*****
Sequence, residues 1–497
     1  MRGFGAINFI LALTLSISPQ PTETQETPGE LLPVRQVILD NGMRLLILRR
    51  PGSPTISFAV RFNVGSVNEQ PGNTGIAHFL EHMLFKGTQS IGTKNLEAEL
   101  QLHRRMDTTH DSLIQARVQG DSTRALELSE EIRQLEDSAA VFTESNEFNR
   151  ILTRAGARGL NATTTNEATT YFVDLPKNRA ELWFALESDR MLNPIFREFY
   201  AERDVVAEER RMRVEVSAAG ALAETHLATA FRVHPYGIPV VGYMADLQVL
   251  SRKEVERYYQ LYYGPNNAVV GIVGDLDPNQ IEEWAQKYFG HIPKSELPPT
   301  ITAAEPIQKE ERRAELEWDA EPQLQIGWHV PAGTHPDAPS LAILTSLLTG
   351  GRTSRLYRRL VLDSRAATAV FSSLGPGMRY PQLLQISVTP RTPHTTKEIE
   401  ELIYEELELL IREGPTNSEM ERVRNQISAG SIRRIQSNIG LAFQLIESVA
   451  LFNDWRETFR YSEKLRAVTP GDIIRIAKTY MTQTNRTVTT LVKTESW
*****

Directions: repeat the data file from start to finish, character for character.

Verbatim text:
Sequence, residues 1–497
     1  MRGFGAINFI LALTLSISPQ PTETQETPGE LLPVRQVILD NGMRLLILRR
    51  PGSPTISFAV RFNVGSVNEQ PGNTGIAHFL EHMLFKGTQS IGTKNLEAEL
   101  QLHRRMDTTH DSLIQARVQG DSTRALELSE EIRQLEDSAA VFTESNEFNR
   151  ILTRAGARGL NATTTNEATT YFVDLPKNRA ELWFALESDR MLNPIFREFY
   201  AERDVVAEER RMRVEVSAAG ALAETHLATA FRVHPYGIPV VGYMADLQVL
   251  SRKEVERYYQ LYYGPNNAVV GIVGDLDPNQ IEEWAQKYFG HIPKSELPPT
   301  ITAAEPIQKE ERRAELEWDA EPQLQIGWHV PAGTHPDAPS LAILTSLLTG
   351  GRTSRLYRRL VLDSRAATAV FSSLGPGMRY PQLLQISVTP RTPHTTKEIE
   401  ELIYEELELL IREGPTNSEM ERVRNQISAG SIRRIQSNIG LAFQLIESVA
   451  LFNDWRETFR YSEKLRAVTP GDIIRIAKTY MTQTNRTVTT LVKTESW